This week's F/+ picks at Football Study Hall feature some interesting but (seemingly) sensible choices: Texas A&M over Arkansas by 3.6? Okay, that's possible. Alabama over Florida by 11.5? Most Florida fans would acknowledge that as a possibility. Ohio State over Michigan State by 3.2? The numbers agree with Vegas on that one. Wisconsin by 4.2? Okay, sure.
Wait, what's that? The pick is actually Wisconsin by 24.2? No. 7 is supposed to completely demolish No. 8? How is this possible? Easy: only one of the teams playing at Camp Randall on Saturday night has performed anywhere close to a Top 10 level.
Heading into the 2011 season, Nebraska ranked 10th in the AP poll despite finishing last season ranked 20th and losing some key offensive cogs. Many acknowledged some serious question marks on the offensive side of the ball. Could a more up-tempo version of the Huskers rebound from last year's late-season funk? Could Taylor Martinez improve in the passing game despite the loss of a couple of his favorite weapons? But despite the questions, it was generally accepted that the Nebraska defense would be more than good enough to make up the difference.
One month into the 2011 season, all of the offensive questions are still relevant -- the Huskers are every bit as run-heavy, fumble-prone, and pass-averse as they were last year; but Nebraska, incredibly, ranks just 41st in the current F/+ rankings, and the almost as much blame lies with their efforts on the defensive side of the ball. Nebraska has still been relatively solid against the pass and on passing downs, but the alleged Blackshirts are simply getting blown off of the ball near the line of scrimmage.
At Football Outsiders, we attempt to gauge the effectiveness of line play in the run game with a figure called Adj. Line Yards. (You can read more about it here.) The measure attempts to divvy out credit in the run game to both the runner and the line, and, consequently, it can also divvy out blame to defensive lines. On offense, Wisconsin currently ranks 14th in the country in Adj. Line Yards (they are fifth in terms of raw line yardage, but the opponent adjustment hurts them since they have played nothing but the sweetest and tastiest of cupcakes thus far); on defense, Nebraska ranks an absurd 102nd in Adj. Line Yards allowed. Not second: 102nd. Teams currently ranked ahead of them: Wyoming (99th), Akron (96th), Tulsa (88th) and Louisiana-Lafayette (86th).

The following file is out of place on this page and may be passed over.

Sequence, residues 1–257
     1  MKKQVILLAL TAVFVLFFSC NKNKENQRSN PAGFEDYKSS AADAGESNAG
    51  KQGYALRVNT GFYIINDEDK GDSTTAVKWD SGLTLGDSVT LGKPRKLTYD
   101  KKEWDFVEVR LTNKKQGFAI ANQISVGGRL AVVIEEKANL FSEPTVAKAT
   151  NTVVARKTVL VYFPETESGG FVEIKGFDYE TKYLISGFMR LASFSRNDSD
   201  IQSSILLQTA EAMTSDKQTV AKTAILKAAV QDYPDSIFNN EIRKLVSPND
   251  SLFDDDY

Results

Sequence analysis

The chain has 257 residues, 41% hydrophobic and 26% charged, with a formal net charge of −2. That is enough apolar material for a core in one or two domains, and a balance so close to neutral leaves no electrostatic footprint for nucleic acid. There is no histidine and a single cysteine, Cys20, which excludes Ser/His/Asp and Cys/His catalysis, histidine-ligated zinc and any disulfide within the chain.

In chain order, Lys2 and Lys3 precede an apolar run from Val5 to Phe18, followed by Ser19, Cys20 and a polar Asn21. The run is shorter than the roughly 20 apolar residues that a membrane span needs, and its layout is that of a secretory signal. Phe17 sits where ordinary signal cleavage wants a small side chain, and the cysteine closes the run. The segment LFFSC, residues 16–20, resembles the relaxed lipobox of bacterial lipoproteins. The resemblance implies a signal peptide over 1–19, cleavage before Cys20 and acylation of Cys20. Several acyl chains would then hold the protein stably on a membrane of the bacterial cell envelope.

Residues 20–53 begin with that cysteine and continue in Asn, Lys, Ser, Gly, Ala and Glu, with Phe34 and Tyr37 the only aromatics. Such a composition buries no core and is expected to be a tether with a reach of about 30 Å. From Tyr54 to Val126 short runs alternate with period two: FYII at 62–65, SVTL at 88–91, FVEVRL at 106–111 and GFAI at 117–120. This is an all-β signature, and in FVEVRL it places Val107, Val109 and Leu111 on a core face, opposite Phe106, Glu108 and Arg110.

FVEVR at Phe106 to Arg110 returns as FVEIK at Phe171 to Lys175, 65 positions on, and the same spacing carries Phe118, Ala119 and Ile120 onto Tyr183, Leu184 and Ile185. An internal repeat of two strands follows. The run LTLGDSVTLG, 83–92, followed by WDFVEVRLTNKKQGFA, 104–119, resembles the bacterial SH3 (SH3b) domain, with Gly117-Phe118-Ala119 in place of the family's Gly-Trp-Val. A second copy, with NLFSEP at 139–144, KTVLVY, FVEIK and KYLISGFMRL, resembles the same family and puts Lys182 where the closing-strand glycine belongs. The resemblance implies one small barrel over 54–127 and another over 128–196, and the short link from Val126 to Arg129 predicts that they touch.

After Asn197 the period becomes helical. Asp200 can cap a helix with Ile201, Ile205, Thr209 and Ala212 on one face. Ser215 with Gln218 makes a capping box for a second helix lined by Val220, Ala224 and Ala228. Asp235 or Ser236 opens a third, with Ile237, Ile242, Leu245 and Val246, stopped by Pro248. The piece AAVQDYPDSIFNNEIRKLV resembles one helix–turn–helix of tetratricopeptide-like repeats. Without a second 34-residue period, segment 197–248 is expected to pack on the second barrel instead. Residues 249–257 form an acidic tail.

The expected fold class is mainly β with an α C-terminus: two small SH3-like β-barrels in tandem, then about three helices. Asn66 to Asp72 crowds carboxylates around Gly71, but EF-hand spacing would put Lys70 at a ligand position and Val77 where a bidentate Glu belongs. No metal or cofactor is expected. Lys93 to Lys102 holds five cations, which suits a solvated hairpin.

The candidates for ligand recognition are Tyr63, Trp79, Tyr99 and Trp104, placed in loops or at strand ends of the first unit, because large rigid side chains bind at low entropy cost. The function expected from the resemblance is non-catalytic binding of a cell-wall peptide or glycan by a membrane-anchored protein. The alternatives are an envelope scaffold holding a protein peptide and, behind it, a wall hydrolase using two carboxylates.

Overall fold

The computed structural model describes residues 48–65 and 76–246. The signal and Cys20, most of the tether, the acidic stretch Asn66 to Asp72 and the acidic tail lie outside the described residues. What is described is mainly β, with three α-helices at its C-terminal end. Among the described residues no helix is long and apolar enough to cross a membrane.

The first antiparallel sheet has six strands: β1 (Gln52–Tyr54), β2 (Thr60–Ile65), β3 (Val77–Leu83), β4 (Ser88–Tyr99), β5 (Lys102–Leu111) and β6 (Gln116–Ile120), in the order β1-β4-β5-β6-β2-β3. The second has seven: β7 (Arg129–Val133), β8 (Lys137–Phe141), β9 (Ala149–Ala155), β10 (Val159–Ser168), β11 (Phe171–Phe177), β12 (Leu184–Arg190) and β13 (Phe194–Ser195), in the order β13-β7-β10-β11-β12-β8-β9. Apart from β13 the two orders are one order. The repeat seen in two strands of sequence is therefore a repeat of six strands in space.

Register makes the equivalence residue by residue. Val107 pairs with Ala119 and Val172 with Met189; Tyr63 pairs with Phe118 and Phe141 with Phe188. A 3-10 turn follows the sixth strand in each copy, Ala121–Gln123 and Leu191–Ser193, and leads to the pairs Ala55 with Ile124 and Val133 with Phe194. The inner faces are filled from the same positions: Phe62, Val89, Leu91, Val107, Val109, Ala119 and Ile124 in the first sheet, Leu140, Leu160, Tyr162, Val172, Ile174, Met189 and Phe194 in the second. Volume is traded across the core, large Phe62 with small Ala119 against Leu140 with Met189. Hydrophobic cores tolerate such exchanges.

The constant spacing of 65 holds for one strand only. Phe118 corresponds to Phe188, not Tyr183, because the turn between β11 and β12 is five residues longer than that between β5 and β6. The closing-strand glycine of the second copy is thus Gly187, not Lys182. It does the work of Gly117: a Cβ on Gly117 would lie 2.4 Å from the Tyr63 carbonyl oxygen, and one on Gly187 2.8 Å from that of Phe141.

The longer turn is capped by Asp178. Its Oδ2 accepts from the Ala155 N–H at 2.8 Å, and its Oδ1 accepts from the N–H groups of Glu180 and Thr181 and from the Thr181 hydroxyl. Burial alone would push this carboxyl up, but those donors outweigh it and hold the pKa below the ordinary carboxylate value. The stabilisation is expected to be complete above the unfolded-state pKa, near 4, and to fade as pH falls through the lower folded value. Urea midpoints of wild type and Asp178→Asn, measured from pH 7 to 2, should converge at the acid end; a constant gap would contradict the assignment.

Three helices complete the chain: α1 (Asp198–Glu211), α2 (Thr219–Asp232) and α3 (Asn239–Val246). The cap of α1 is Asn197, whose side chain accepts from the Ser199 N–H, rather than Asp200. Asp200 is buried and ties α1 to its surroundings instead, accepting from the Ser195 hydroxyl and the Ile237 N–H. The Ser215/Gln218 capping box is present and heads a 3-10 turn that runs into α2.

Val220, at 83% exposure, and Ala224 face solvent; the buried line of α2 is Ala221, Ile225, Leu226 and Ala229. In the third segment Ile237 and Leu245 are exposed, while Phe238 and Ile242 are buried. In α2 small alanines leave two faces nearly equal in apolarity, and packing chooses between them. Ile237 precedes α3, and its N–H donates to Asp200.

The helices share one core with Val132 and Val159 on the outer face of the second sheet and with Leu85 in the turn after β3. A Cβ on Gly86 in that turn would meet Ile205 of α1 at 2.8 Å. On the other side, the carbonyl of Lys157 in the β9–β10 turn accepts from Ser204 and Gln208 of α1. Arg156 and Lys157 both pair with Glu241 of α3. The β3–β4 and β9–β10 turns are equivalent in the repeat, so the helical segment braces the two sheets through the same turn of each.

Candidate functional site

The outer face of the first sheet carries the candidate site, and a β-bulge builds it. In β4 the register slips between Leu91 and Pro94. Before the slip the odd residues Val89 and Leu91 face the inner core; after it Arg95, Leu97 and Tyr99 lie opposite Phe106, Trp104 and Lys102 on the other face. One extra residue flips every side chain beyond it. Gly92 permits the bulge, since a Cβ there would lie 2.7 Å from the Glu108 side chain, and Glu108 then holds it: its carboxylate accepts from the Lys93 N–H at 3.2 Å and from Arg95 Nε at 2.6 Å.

It is still early in the season, of course, and opponent-adjusted numbers are still very volatile, but the raw numbers have certainly backed up the assertion that Nebraska's run defense is exponentially more questionable than any of us expected. Fresno State's Robbie Rouse rushed for 169 yards in 36 carries as the Huskers struggled to finish off the Bulldogs. The next week, as Fresno State was trying to lose to North Dakota, Nebraska was allowing 130 rushing yards (on just 22 carries) to Washington's Chris Polk. In both contests, the Nebraska run game was good enough to fend off any serious upset threats. But Fresno State ranks 88th in Off. Rushing S&P+ right now, and Washington ranks 67th. Wisconsin? 26th.
The most worrisome part of the Nebraska defense thus far isn't even that they are giving up some big plays -- it's that they aren't making many. As mentioned in this week's Numerical, the Huskers have made just four tackles for loss in three games versus FBS competition. As a reference point, Wisconsin has 17 in their three FBS games.
To be sure, the Nebraska defense that hits the field tonight will be its healthiest yet. Jared Crick returns after a one-game absence, while corner Alfonzo Dennard has shaken off some rust from an early-season leg injury and should give Wisconsin's Nick Toon all he can handle. The Nebraska pass defense should be just fine, and Husker linebackers are certainly fast enough to corral Russell Wilson if or when he escapes the pocket and looks to improvise on passing downs. But defending the pass against the Badgers doesn't really matter if you are allowing six yards per carry on first down, and Nebraska has more to prove on defense tonight than at just about anytime in the Bo Pelini era.
It is probably a fool's errand to jump to too many conclusions one month into the season, just as it is somewhat foolish to use opponent-adjusted numbers to back up claims when, quite simply, nobody has faced too many opponents. The fact that Nebraska hasn't yet played like a Top 10 (or Top 25, for that matter) team yet, doesn't mean the Huskers won't when the season starts in earnest tonight. And the fact that Wisconsin has been merciless and efficient against a string of teams that isn't exactly a murderers' row (UNLV, Oregon State, Northern Illinois and South Dakota) doesn't mean the Badgers will perform beautifully when they actually meet some resistance. That said, all we know with certainty after four games is that Wisconsin has reinforced preseason projections and played at an even higher level than expected. Nebraska, meanwhile, has underachieved significantly, and wasn't even projected to perform at an elite level to begin with.
The Huskers have dealt with injuries to some key defensive players, but they have underachieved significantly enough that I cannot just write it off as a problem with one or two players. Things change, but if each team plays at its September level now that October has begun, Nebraska doesn't stand a chance.